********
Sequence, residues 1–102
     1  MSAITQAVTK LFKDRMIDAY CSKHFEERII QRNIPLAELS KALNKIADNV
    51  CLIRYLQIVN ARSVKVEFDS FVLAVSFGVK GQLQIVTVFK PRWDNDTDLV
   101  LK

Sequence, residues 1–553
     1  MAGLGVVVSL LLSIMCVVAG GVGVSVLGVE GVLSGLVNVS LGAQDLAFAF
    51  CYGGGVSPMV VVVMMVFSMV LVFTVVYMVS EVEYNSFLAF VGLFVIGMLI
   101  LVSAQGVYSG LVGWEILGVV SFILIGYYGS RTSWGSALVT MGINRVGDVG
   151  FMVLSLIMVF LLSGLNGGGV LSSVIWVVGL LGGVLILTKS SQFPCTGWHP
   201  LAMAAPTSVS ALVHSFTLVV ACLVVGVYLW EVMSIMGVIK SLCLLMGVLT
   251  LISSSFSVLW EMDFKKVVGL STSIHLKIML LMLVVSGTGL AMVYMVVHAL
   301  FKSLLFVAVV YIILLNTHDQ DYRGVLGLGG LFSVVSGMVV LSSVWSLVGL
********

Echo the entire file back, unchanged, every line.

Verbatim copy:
Sequence, residues 1–102
     1  MSAITQAVTK LFKDRMIDAY CSKHFEERII QRNIPLAELS KALNKIADNV
    51  CLIRYLQIVN ARSVKVEFDS FVLAVSFGVK GQLQIVTVFK PRWDNDTDLV
   101  LK

Sequence, residues 1–553
     1  MAGLGVVVSL LLSIMCVVAG GVGVSVLGVE GVLSGLVNVS LGAQDLAFAF
    51  CYGGGVSPMV VVVMMVFSMV LVFTVVYMVS EVEYNSFLAF VGLFVIGMLI
   101  LVSAQGVYSG LVGWEILGVV SFILIGYYGS RTSWGSALVT MGINRVGDVG
   151  FMVLSLIMVF LLSGLNGGGV LSSVIWVVGL LGGVLILTKS SQFPCTGWHP
   201  LAMAAPTSVS ALVHSFTLVV ACLVVGVYLW EVMSIMGVIK SLCLLMGVLT
   251  LISSSFSVLW EMDFKKVVGL STSIHLKIML LMLVVSGTGL AMVYMVVHAL
   301  FKSLLFVAVV YIILLNTHDQ DYRGVLGLGG LFSVVSGMVV LSSVWSLVGL